My overseas life has been a succession of bad hair days. I don’t know what my problem is, but I ask for one hair style and leave with something I never wanted. I know my hair is troublesome. It has a slightly curly bent, not that shiny, straight sheen of Asian hair. After my last haircut, even my six-year-old daughter exclaimed, “Mommy, you look awful!” And I did. I looked worse after I left the salon than before, plus I paid money to look that way. Do you know what I did? After I got safely past the shop, I began to rant, rave, and feel generally miserable.
Let me tell you another story. For nearly a week men sawed out the leaking iron pipes in our bathroom and replaced them. Their scratchy symphony stopped our leaks, but gave us a horrible mess and four days of inconvenience. The situation got so ugly I took photos and begged the owners not to leave the mess for me. Thankfully, the workmen labored with copper brushes and acid cleaner to remove their stains. The result? Better, but not “Better Homes and Gardens.” So what did I do for a week? Complain, complain, complain.
I don’t know why I complain here in Singapore. When we were in India, we had no shower or tub; we had a nice hose bath. In Singapore, I can wear Western clothes. In India, I felt like a Barbie doll – someone wrapped me in a blue polyester saree and gently prepared the pleats for the front. No matter how many times I tired, more of the flowered fabric lay on the floor than covered me. So what did I do during my stay in India? By now, you understand my pattern – I complain.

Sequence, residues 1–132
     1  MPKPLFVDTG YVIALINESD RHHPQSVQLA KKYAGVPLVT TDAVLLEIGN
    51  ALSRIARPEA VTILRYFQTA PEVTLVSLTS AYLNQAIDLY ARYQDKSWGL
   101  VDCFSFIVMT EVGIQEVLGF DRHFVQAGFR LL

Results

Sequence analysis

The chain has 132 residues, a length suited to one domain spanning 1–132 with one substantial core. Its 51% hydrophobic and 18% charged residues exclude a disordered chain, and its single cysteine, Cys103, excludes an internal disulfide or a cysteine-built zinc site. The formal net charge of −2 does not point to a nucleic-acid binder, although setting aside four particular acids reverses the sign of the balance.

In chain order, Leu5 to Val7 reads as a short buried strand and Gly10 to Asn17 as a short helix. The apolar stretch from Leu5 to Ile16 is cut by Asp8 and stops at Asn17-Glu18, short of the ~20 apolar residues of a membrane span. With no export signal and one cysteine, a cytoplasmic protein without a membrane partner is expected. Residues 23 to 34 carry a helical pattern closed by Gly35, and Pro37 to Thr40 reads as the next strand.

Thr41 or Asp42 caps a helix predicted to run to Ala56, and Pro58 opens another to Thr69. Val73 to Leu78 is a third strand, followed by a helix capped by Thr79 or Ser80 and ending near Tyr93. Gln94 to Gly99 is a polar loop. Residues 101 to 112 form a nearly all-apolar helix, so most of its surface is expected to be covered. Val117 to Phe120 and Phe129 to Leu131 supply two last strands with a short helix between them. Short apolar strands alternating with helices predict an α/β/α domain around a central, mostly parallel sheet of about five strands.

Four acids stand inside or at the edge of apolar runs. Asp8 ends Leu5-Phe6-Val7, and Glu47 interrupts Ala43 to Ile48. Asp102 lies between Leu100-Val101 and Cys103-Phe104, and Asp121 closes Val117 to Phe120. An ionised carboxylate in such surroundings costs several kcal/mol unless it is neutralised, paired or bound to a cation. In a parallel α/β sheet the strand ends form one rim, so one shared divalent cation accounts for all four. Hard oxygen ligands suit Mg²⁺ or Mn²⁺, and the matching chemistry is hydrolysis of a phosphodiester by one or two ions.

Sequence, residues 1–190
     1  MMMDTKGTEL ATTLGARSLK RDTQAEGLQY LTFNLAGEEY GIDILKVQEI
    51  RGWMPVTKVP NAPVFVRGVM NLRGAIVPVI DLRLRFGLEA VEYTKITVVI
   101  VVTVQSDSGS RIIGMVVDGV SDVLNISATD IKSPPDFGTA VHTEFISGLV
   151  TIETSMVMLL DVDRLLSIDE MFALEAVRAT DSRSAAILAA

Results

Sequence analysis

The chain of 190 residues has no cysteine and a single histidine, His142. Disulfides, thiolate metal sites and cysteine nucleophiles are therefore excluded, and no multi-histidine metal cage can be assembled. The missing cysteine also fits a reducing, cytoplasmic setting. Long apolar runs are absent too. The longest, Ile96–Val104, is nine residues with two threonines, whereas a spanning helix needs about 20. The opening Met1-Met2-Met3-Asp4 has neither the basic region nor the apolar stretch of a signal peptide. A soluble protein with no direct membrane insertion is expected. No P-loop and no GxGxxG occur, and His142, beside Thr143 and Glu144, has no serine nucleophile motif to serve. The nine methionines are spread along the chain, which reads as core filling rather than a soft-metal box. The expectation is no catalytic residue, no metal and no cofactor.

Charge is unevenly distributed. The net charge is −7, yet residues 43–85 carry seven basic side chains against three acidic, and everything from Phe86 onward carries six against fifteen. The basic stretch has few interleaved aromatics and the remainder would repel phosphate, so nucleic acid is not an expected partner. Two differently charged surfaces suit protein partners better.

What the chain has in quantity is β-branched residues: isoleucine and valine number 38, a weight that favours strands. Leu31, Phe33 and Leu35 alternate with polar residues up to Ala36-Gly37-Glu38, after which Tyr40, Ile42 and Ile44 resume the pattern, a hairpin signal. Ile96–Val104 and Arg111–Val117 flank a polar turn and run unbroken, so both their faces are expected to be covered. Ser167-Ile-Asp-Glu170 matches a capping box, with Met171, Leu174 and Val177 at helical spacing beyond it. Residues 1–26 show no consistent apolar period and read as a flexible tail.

I’m not supposed to tell you this, but last week I fasted and prayed about a difficult situation. Do you know what God said to me and how He said it? God used a struggling baby Christian and my six-year-old’s devotions to remind me. In black and white. God said, “Always be full of joy in the Lord. I say it again – rejoice!” (Phil 4:4 NLT) I was guilty as charged – wearing the evidence, my garment of complaint. I realized I wore it nearly every day. I’ve worn it so long, it doesn’t even come off at night. It’s with me when I pray and when I talk to my husband after a long, frustrating day. My seamless, invisible garment fit like a second skin.
I hadn’t noticed the outfit in a long time, but now the Master pointed to it in His mirror. He’d pointed it out in India, but I had forgotten. What was the lesson? Oh, yes, something about how He would put on a new outfit to come visit a foreign land as well – how He would put on flesh for the human race. And no one heard Him complain.
I remember looking down at my saree in India and feeling so convicted. What’s a little fabric for the Master when He wore flesh for me? Today I look down at my garment of complaint and feel convicted. What’s a momentary inconvenience? Hair grows out, bathrooms can be cleaned, and clothes changed. But attitudes? Somehow God wants attitudes that surmount our circumstances.
So excuse me while I change my clothes. I seem to remember something in the Bible about a garment of praise. I think that outfit might look better on me.
This article is a classic originally published in our early print magazines.